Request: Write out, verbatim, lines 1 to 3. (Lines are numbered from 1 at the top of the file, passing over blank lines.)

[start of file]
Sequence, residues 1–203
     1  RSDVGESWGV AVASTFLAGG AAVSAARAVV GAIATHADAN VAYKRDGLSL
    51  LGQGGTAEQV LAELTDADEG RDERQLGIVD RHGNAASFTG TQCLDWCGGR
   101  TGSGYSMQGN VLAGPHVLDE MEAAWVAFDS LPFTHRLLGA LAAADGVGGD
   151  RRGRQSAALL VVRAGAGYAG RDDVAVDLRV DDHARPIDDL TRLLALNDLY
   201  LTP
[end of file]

Sequence, residues 1–203
     1  RSDVGESWGV AVASTFLAGG AAVSAARAVV GAIATHADAN VAYKRDGLSL
    51  LGQGGTAEQV LAELTDADEG RDERQLGIVD RHGNAASFTG TQCLDWCGGR